Pharisees in Republican Guise

Louisiana Governor Bobby Jindal had just cause to tell the Republican Party to stop being the stupid party.  Currently, the GOP is faced with a case of stupidity coming from some Republican members of the North Carolina legislature.

Here is an excerpt from a story published by the Charlotte Observer:

Two Rowan County [NC] lawmakers drew nationwide attention Wednesday for pushing a resolution that says North Carolina and its counties and towns have the right to establish an official religion.

Rep. Carl Ford, a Republican from China Grove, and Salisbury Republican Rep. Harry Warren filed the measure this week as Rowan commissioners gear up to fight a lawsuit that seeks to end their habit of opening meetings with specifically Christian prayers.

But the resolution delved deeper.

It acknowledges that the U.S. Constitution prevents Congress from creating an official religion.

But the First Amendment prohibition, the resolution argues, doesn’t apply to states, counties or towns – despite federal court rulings to the contrary. It asks the legislature to adopt a resolution supporting their right to set up their own religious laws.

Contrary to what Allahpundit, the Huffington Post and others are reporting, what the NC legislators have submitted isn’t a bill that could be signed into law. Instead, it is a resolution.

The Charlotte Observer reports, “Resolutions like the Defense of Religion Act generally have no lasting effect beyond the legislative sessions, do not require the governor’s signature and are commonly used to create study commissions or honor groups like veterans. If passed, it would not become a law.”

Over at Outside the Beltway, Doug Mataconis makes the following comment:

Incorporation of the Bill of Rights via the 14th Amendment is a long-standing legal concept that the Supreme Court has never shown any inclination to reconsider it. North Carolina’s action, of course, would be a clear violation of the 1st Amendment’s Establishment Clause, which the Court found applicable to the states in Everson v. Board of Education, a case decided back in 1947.  So, basically, these 11 North Carolina Republicans are proposing something that is blatantly unconstitutional. I hope they’re proud of themselves.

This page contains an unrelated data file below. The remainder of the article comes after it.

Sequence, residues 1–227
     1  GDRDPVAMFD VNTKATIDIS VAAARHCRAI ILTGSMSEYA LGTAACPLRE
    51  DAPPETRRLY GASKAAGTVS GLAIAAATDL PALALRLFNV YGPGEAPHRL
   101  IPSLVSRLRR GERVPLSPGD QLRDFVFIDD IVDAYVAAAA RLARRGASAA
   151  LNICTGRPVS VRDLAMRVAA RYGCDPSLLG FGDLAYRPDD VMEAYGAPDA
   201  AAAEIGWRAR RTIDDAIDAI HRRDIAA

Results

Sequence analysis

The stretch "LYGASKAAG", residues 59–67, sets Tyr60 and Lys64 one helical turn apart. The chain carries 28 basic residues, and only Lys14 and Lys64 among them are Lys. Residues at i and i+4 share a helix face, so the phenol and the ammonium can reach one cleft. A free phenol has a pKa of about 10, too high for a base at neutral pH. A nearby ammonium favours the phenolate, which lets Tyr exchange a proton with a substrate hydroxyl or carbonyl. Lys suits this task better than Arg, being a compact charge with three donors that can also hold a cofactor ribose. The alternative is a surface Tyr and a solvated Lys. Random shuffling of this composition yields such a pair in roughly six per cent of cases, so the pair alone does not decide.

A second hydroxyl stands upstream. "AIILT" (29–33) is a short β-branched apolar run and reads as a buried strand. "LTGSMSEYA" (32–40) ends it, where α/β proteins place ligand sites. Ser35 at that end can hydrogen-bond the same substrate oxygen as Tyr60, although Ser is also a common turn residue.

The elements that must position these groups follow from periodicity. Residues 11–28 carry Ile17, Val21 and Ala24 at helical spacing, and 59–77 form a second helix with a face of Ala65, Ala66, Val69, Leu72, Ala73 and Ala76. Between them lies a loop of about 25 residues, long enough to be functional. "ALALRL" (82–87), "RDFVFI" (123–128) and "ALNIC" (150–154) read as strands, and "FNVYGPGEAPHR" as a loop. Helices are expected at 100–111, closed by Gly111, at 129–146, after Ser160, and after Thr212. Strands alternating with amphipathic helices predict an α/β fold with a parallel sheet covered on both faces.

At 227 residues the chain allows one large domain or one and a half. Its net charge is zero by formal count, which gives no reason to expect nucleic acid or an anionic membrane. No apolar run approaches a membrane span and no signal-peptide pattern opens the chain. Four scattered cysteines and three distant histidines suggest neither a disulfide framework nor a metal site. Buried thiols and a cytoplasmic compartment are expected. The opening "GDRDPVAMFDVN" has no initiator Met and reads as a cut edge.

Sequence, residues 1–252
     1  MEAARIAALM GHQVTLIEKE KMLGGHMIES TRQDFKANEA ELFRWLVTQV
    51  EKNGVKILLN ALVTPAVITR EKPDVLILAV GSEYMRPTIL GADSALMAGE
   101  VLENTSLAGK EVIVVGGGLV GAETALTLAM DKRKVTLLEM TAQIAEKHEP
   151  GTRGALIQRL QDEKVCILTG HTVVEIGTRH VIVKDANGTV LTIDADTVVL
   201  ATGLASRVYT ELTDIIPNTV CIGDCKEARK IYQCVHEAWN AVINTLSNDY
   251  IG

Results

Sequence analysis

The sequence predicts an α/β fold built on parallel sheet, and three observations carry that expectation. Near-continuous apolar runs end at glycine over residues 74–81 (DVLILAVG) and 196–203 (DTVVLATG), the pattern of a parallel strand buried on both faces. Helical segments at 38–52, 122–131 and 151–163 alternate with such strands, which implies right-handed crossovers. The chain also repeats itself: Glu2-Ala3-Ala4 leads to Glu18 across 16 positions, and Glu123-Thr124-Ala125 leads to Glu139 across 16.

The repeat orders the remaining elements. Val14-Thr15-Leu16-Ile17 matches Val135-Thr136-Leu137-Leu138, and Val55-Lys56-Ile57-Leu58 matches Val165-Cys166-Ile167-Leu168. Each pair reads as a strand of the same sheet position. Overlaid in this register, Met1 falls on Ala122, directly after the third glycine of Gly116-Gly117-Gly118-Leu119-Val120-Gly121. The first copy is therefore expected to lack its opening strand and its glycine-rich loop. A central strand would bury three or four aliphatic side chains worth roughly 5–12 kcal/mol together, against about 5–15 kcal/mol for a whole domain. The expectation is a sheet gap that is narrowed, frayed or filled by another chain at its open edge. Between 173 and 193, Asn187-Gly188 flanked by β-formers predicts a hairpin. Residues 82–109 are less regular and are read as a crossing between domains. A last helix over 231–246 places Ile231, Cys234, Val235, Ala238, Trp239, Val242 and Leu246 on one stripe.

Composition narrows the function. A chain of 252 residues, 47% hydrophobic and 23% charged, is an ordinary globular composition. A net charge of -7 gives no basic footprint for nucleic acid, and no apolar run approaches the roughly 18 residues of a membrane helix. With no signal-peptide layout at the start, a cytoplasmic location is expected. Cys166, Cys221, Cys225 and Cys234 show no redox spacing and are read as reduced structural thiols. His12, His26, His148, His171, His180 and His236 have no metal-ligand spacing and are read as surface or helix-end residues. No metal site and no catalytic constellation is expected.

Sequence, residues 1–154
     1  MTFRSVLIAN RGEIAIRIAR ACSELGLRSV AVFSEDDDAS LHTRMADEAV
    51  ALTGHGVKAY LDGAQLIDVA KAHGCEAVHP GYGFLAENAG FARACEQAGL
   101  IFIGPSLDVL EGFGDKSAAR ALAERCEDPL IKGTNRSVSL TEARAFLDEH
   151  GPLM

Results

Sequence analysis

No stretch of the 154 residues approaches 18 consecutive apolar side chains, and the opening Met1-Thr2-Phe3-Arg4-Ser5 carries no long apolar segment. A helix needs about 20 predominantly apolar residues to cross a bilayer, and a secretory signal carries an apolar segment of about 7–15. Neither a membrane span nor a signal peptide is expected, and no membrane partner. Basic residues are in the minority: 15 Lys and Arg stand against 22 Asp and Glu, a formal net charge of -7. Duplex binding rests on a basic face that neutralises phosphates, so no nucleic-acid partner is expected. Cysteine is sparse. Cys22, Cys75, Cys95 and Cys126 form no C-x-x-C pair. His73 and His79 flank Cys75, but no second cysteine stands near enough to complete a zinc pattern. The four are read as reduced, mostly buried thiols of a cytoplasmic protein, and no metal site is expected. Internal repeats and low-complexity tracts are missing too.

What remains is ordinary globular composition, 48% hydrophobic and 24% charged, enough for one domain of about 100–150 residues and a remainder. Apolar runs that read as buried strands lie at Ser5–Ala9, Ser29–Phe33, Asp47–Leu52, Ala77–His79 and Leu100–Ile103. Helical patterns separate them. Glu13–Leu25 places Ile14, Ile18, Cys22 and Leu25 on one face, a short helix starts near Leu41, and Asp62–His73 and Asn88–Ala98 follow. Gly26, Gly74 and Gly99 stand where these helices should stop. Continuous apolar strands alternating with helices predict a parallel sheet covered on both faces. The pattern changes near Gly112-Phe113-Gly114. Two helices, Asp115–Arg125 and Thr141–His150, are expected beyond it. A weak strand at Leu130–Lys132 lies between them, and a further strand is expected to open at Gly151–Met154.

So, what inspired these Keystone Cops Republicans to submit a resolution that contradicts SCOTUS rulings?

WRAL in North Carolina reports the following:

A resolution filed by Republican lawmakers would allow North Carolina to declare an official religion, in violation of the Establishment Clause of the U.S. Bill of Rights, and seeks to nullify any federal ruling against Christian prayer by public bodies statewide.

The resolution grew out of a dispute between the American Civil Liberties Union and the Rowan County Board of Commissioners. In a federal lawsuit filed last month, the ACLU says the board has opened 97 percent of its meetings since 2007 with explicitly Christian prayers.

Overtly Christian prayers at government meetings are not rare in North Carolina. Since the Republican takeover in 2011, the state Senate chaplain has offered an explicitly Christian invocation virtually every day of session, despite the fact that some senators are not Christian.

In a 2011 ruling on a similar lawsuit against the Forsyth County Board of Commissioners, the Fourth U.S. Circuit Court of Appeals did not ban prayer at government meetings outright, but said prayers favoring one religion over another are unconstitutional.

“To plant sectarian prayers at the heart of local government is a prescription for religious discord,” the court said. “Where prayer in public fora is concerned, the deep beliefs of the speaker afford only more reason to respect the profound convictions of the listener. Free religious exercise posits broad religious tolerance.”

This particular brouhaha would have been avoided if the Rowan County commissioners had paid attention to what Jesus said about public displays of piety.

Here is an excerpt from the Sermon on the Mount:

Beware of practicing your righteousness before other people in order to be seen by them, for then you will have no reward from your Father who is in heaven. . . And when you pray, you must not be like the hypocrites. For they love to stand and pray in the synagogues and at the street corners, that they may be seen by others. Truly, I say to you, they have received their reward. But when you pray, go into your room and shut the door and pray to your Father who is in secret. And your Father who sees in secret will reward you.*

The inclusion of a Christian prayer in an official government meeting isn’t something that the New Testament requires, and the First Amendment doesn’t prevent people from having an informal group prayer before the start of an official government meeting.

The GOP isn’t harmed by individual members practicing the Christian faith. Instead, the GOP is harmed by Pharisees in Republican guise. Hopefully, party leaders will learn the difference between the two.

Side Note: Nothing in the First Amendment prevents government officials or government employees from having a time of private prayer on government property.

[*Quote Source – Matthew 6:1,5-6 (ESV) ]

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